As a discipline, cell biology has classically been defined by the boundaries which define the limits of its interests. These boundaries may apply to location -cell biologists study material within the cell - or they may apply to size - cell biologists study material above the level of the macromolecule.
For many years, the limits of technique enforced these boundaries as surely as any custom of the discipline. Our inability to investigate structures which could not be observed or molecules which could not be detected assured that cell biology would not cross the boundaries which linked the cell to other levels of organization. As the twentieth century nears its close, however, the development of an enormous range of tools and techniques, some physical, some chemical, some biological, has changed this situation forever. Cell biology today crosses the boundary, links the molecule with the organelle, associates the cellular response with the larger organism.
For some, these advances have produced a sense of consternation as it becomes increasingly difficult to define the exact distinction between a cell biologist, a biophysicist, and a molecular biologist. But for many others, the same crisis of identity is perceived as a great opportunity, an opportunity to make connections at a range of levels which integrate our knowledge of living systems in a way that the pioneers of our field could hardly have imagined. I hold to this latter view, and I suspect that nearly all of the contributors to this volume do as well.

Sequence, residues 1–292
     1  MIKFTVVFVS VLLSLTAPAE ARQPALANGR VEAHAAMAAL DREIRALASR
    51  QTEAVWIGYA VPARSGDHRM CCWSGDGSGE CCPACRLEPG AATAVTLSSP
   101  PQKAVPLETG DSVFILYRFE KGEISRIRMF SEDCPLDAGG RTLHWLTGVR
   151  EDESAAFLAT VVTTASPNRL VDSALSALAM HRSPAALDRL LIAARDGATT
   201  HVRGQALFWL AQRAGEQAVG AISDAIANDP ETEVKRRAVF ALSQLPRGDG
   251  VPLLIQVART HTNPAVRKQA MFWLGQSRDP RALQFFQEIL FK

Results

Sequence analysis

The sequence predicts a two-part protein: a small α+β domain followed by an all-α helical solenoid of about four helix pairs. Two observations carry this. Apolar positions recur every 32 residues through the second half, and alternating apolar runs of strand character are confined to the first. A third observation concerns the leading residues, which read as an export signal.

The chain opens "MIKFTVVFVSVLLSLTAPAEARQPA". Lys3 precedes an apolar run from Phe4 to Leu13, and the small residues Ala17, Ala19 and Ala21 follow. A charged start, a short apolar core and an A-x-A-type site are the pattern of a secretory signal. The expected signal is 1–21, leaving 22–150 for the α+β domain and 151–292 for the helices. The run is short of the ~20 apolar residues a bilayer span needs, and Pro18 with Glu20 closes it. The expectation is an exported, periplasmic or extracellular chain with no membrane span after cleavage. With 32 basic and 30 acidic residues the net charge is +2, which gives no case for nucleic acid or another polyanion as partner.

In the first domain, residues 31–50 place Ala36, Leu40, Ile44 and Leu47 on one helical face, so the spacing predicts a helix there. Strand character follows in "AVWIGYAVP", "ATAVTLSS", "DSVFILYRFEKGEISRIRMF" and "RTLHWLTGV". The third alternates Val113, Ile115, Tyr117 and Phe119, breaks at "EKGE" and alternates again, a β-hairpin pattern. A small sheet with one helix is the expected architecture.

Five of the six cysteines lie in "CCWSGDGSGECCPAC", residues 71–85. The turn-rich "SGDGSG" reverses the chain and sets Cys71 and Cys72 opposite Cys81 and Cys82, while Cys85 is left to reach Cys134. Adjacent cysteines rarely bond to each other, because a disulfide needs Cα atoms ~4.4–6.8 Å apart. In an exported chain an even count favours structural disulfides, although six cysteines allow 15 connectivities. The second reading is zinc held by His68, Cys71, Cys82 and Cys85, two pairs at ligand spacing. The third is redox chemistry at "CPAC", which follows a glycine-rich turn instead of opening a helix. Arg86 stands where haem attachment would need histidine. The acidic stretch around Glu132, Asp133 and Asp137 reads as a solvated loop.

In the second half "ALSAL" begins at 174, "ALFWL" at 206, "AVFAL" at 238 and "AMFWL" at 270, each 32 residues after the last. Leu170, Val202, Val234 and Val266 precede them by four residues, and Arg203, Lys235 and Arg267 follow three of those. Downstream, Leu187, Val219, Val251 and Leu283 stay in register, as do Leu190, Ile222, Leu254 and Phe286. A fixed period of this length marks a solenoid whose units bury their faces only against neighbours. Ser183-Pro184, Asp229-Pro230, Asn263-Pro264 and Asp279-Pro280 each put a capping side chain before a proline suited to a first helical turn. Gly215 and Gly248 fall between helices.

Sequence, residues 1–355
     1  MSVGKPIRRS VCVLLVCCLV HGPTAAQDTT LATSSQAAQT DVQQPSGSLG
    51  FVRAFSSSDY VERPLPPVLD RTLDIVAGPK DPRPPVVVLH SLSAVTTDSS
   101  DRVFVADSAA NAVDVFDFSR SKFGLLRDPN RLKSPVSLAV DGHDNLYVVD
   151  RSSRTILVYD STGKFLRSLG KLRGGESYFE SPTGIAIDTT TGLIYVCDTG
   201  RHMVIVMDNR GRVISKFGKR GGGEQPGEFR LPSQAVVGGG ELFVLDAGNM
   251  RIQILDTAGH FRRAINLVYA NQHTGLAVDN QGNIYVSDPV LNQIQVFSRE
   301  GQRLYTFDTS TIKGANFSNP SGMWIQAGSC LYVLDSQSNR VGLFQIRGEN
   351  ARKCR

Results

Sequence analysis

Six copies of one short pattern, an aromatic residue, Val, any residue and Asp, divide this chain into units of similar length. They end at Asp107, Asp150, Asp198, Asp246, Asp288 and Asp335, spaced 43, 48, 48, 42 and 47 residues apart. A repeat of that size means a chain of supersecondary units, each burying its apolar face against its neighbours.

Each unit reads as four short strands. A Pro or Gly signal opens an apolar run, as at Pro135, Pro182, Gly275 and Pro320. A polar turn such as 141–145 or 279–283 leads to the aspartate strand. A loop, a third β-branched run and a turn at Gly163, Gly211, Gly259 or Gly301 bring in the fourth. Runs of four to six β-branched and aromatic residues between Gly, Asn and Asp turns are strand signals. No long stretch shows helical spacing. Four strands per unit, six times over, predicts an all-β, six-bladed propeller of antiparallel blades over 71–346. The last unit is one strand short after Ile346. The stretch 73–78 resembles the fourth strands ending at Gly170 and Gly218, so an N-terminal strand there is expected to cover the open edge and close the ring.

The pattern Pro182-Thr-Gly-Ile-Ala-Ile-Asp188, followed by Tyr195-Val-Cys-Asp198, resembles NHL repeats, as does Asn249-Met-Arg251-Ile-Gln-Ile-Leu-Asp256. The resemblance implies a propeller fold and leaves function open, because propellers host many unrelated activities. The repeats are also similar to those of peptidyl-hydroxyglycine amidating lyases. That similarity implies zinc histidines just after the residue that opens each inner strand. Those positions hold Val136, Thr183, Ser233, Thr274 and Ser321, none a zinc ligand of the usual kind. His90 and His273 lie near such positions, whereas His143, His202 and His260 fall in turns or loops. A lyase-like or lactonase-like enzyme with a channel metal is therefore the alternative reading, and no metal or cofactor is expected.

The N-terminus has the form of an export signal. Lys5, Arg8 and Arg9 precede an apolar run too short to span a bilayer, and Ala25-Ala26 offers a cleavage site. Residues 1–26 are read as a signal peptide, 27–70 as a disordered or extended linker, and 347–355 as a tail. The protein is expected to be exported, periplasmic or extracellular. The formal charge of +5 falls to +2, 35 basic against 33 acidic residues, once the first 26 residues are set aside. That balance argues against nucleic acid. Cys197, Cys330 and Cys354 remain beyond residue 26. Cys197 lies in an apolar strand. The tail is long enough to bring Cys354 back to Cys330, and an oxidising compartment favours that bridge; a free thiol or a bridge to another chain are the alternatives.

Each of the articles within this volume cross boundaries in their efforts to deal with the complexities of the living cell. As examples, the work of Carl Cohen illustrates the emergence of a new understanding of the interface between cell membrane and cytoskeleton. Robert Murphy's studies follow the movement of material into the cell and through a maze of cellular compartments, and the studies of Vivianne Nachmias and Ken-ichi Yoshida illustrate the influences exerted by a range of proteins on shape changes in platelets. Each of the studies in this volume has, in a certain sense, crossed the traditional limits of study and made an important contribution to developing a complete and dynamic picture of biology at the level of the cell. In its own way, each article points towards the ultimate goal of cell biology: an understanding in which all of the boundaries which separate organism from cell and cell from molecule will have been breached. That goal is not yet in sight, but the journey is only beginning.